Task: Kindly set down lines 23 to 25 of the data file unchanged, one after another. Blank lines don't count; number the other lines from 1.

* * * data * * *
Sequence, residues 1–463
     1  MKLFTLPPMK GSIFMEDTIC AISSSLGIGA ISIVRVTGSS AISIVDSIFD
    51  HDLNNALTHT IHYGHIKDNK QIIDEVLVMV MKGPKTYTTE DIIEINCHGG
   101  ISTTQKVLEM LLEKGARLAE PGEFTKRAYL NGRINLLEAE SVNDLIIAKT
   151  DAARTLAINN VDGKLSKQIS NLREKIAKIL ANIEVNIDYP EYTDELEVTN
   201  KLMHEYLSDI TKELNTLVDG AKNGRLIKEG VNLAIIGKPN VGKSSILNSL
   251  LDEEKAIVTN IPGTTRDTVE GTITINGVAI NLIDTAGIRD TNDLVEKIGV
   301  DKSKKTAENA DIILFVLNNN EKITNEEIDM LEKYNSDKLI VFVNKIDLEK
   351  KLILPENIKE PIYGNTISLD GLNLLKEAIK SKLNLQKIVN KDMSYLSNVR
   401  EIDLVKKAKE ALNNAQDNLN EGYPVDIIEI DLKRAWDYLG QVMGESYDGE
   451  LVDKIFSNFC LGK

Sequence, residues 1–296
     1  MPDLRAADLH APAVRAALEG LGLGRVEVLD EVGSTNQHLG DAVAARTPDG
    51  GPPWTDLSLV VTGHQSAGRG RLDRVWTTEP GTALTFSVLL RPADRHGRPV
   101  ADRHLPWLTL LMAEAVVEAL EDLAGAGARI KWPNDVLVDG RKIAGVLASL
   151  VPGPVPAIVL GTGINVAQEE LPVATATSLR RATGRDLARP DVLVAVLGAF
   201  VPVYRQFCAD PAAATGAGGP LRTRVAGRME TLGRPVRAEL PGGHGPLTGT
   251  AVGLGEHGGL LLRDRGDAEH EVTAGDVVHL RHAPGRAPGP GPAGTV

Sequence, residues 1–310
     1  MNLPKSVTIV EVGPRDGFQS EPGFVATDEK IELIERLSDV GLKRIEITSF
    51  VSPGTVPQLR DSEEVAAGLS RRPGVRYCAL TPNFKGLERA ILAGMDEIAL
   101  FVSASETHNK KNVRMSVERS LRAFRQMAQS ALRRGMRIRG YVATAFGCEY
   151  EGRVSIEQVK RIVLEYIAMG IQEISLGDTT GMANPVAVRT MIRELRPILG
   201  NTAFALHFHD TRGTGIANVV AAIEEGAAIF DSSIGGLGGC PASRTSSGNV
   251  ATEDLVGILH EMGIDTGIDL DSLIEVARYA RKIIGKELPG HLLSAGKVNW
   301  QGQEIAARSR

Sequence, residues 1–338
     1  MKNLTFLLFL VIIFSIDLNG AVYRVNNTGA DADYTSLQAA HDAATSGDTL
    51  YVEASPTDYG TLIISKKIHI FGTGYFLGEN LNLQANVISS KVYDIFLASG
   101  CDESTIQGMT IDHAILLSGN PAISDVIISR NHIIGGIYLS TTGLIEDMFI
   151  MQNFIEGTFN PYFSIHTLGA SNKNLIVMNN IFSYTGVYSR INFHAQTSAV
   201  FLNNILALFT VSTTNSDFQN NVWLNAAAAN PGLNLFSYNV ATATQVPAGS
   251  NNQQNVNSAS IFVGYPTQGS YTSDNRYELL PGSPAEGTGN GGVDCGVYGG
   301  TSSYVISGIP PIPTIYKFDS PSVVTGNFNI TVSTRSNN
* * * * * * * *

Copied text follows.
   151  EGRVSIEQVK RIVLEYIAMG IQEISLGDTT GMANPVAVRT MIRELRPILG
   201  NTAFALHFHD TRGTGIANVV AAIEEGAAIF DSSIGGLGGC PASRTSSGNV
   251  ATEDLVGILH EMGIDTGIDL DSLIEVARYA RKIIGKELPG HLLSAGKVNW